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Heart Rate Variability Biofeedback in Adolescent Substance Abuse Treatment
Strategies are needed to improve adolescent substance abuse treatment outcomes. For example, during outpatient substance abuse treatment, up to 80% of adolescents continue to use. Following residential substance abuse treatment, 88% of adolescents relapse within 6 months.
Psychosocial stress plays an important role in the maintenance of substance use and also in relapse. A study of 2031 16- to 24-year-olds with past-month marijuana use showed that 56% used marijuana in the past month to cope with life stress. Furthermore, in a study of 81 adolescents (aged 13–18 years) followed for 6 months after treatment, 67% of those who relapsed reported a stressful event just prior to relapse. Therefore, treatment outcomes might be improved by interventions that help teens cope with stress.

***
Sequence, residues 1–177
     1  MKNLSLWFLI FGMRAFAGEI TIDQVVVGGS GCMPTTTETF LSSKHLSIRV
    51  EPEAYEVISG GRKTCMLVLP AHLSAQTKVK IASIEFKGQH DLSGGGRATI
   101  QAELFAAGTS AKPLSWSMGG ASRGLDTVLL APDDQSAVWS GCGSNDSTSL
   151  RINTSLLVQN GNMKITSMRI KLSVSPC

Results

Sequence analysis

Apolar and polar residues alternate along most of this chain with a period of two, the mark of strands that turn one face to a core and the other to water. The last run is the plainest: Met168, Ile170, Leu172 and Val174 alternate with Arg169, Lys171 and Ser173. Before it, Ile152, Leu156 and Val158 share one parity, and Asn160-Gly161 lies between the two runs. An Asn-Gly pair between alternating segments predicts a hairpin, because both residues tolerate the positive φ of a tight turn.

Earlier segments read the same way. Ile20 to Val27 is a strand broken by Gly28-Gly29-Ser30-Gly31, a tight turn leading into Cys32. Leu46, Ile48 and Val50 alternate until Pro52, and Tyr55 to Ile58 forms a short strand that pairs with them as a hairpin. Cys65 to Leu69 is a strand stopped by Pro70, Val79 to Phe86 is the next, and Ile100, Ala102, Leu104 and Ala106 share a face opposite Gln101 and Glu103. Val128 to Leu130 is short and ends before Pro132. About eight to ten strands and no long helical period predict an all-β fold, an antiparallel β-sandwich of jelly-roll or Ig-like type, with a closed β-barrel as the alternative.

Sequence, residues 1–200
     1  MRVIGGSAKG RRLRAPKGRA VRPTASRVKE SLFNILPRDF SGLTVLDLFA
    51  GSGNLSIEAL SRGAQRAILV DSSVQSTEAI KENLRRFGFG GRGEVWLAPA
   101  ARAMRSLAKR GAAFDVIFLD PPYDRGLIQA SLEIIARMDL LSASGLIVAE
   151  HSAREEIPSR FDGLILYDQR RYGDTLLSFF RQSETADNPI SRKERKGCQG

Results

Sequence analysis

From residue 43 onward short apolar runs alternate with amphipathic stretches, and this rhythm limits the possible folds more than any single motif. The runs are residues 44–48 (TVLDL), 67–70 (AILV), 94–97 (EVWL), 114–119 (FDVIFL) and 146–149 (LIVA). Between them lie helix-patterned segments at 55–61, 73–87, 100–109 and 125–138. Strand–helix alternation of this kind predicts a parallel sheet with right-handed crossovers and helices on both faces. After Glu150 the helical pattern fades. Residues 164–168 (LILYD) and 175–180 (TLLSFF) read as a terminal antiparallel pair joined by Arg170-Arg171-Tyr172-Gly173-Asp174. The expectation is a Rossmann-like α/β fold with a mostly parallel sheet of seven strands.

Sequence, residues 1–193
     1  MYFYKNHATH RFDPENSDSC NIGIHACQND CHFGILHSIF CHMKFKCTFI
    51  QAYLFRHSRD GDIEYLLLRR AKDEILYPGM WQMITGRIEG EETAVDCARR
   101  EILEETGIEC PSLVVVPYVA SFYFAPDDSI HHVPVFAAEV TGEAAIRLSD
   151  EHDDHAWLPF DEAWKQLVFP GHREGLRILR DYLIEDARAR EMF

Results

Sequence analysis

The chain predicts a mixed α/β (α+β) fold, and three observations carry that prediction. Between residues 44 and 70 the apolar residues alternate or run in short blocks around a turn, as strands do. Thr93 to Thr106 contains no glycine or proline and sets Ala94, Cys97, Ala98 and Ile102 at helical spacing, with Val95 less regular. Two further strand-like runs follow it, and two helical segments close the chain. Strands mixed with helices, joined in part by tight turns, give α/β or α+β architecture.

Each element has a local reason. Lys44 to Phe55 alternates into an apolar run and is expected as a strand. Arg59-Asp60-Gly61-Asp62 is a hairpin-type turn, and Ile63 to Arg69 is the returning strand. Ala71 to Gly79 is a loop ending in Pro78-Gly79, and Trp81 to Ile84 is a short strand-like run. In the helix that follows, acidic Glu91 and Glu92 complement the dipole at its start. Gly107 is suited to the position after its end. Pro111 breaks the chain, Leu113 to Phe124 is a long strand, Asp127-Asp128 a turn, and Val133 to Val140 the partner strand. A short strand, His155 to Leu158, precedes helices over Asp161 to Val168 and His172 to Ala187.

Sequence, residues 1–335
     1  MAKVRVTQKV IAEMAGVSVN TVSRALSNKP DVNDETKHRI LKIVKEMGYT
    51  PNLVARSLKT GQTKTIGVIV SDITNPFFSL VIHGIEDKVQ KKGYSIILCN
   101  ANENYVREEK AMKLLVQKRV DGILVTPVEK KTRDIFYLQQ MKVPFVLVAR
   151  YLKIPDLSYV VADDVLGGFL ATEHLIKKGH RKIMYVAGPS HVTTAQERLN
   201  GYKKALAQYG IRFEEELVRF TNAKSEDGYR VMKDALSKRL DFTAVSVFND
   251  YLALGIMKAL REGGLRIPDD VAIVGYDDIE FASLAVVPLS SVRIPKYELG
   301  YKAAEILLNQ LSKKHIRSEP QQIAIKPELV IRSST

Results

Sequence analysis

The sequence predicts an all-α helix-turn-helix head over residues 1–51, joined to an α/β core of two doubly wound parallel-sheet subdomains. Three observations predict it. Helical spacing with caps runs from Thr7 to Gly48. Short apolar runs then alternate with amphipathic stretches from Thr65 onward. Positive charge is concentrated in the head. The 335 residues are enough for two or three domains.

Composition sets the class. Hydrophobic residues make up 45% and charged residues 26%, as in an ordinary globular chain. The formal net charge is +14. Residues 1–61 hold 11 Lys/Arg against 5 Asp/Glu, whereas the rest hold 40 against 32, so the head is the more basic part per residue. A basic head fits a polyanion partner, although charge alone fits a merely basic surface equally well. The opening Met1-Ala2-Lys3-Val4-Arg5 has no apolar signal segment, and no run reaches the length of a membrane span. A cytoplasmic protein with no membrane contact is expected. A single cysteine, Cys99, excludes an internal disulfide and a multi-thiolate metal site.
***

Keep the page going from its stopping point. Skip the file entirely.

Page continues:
Heart rate variability (HRV) biofeedback may be a good intervention for this population because it reduces stress in adolescents who are not receiving treatment for substance abuse. Furthermore, HRV patterns of low amplitude and coherence are found in adults with substance use disorders during craving states and in youth with disorders (eg, oppositional defiant disorder and conduct disorder) that frequently lead to substance use. HRV biofeedback also reduces mean salivary cortisol levels, and corticotropin-releasing factor inhibitors have been shown to reduce stress related relapse in animal models. Despite these findings, there are no controlled studies examining the role of HRV biofeedback to help prevent relapse following substance abuse treatment.